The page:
Of course, church officials are not similarly on record in denunciation of Hamas terror.

United Methodist officials, like most of the Religious Left, never denounce radical Islam. This fall, the same Bishop Ough who refused to criticize Hamas on behalf of the United Methodist missions agency, attacked the film "Obsession," while declining to agree that radical Islam poses any special concerns. Purporting to represent the United Methodists of western Ohio, Ough joined in an anti-"Obsession" press conference with, among others, the Council on American-Islamic Relations, which shared his concern about the film's distribution in Ohio, and elsewhere.

According to Ough's statement at the press conference, United Methodist beliefs about "doing no harm, doing good and staying in love with God" are "incompatible with the deplorable DVD entitled 'Obsession: Radical Islam’s War Against the West,' and its disingenuous distribution in the midst of a national political campaign." The bishop said his church's "prophetic" tradition demands naming the "harm that is being done to our neighbors," which specifically entailed "Obsession's" dissemination through the Columbus Dispatch and dozens of other newspapers beyond Ohio, plus direct mail, resulting in a scary 28 million free copies of the DVD across the nation.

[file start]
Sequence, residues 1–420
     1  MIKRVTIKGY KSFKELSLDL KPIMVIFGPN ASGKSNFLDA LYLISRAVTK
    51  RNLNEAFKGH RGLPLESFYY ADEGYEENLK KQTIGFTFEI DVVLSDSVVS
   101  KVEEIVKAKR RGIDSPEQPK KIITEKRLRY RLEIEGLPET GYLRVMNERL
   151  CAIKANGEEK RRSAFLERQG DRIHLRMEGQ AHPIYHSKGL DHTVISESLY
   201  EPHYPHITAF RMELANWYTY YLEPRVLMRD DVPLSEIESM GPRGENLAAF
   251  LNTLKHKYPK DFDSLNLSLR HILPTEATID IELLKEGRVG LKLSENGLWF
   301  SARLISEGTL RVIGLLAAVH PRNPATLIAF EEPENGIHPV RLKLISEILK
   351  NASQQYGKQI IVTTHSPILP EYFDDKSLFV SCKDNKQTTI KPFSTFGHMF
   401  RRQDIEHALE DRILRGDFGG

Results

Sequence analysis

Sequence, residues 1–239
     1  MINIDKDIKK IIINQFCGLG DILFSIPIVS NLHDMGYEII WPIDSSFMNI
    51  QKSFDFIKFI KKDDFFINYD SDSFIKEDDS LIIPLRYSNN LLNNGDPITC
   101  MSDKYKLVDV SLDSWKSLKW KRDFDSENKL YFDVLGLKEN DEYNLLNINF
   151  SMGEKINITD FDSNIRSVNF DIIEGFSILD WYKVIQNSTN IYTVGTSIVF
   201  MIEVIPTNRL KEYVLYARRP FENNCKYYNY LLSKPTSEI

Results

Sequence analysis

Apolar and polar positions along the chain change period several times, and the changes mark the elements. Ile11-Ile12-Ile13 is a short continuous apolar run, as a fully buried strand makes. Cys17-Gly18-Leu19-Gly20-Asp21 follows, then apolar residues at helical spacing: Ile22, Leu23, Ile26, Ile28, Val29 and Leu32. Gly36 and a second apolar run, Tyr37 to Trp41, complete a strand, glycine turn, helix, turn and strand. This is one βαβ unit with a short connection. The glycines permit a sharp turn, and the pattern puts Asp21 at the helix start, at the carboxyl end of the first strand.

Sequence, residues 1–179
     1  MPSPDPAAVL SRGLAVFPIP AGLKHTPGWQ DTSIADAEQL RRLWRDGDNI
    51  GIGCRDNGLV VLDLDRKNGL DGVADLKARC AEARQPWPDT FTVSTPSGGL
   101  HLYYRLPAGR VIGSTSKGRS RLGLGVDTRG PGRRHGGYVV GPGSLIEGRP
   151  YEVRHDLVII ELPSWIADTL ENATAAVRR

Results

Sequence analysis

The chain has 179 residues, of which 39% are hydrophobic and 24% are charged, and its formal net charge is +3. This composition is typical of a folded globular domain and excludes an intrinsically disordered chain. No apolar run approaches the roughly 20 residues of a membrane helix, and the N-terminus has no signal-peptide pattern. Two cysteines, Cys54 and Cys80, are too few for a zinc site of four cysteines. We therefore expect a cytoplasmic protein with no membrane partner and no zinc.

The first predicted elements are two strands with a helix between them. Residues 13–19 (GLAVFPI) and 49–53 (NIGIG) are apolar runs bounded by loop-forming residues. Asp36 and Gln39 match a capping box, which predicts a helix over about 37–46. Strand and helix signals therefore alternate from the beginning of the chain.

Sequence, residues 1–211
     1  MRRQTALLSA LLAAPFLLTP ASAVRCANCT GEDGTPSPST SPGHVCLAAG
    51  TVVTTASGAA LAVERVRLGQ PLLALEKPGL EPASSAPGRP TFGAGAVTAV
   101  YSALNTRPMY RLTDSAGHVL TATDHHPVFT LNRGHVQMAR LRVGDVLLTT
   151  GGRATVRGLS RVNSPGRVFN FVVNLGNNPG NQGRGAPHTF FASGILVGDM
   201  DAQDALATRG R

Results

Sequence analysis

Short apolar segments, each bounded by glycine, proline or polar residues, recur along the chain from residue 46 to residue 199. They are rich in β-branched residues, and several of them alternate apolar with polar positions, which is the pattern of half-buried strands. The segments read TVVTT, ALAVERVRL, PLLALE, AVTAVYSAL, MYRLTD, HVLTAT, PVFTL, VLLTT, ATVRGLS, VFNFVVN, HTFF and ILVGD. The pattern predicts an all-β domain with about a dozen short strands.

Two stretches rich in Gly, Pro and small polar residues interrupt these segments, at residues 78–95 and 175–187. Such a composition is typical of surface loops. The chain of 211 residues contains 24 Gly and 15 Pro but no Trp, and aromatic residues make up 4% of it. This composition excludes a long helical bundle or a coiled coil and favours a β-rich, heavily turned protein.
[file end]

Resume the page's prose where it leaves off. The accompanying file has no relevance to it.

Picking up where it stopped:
The film "links Islamic radicalism with pictures of Hitler and mass rallies of his Nazi followers," Ough complained, to "promote fear of Muslims and dark suspicions about Islam." Trying to sound like the lawyer who stood up to Joe McCarthy, the bishop declared:  "This is a time to ask purveyors of prejudice, 'Have you no shame?'"  He denounced the film as "hate speech" whose aim is to incite "prejudice and fear and with our Muslim brothers and sisters." 

Acknowledging that "Obsession" emphasizes that "most Muslims are peaceful and do not support terror," Bishop Ough was still distressed by the film's assertion that 10% to 15% of Muslims are “radicals” or support terror, the film's unremarkable assertion that international polls support. But to point out that extremism exists in any group, other than American Christians or Israeli Jews, is unacceptable in the rarified world of the Religious Left. Identifying the problems of radical Islam, the vast majority of whose victims are themselves Muslim, is to "promote fear of Muslims and dark suspicions about Islam," according to the bishop. So much for thoughtful debate.

The Religious Left would gain more credibility by at least mildly criticizing Islamist movements such as Hamas, which, if fully empowered, would imprison, forcibly convert, or kill most of the preferred victim groups that the Religious Left in the West typically champions. But the Religious Left's extreme version of multiculturalism is so brittle that it cannot admit error by any tormentor that does not fit the contrived narrative of chronic Western oppression. 

Mark D. Tooley is president of the Institute on Religion and Democracy. He is the author of Taking Back the United Methodist Church.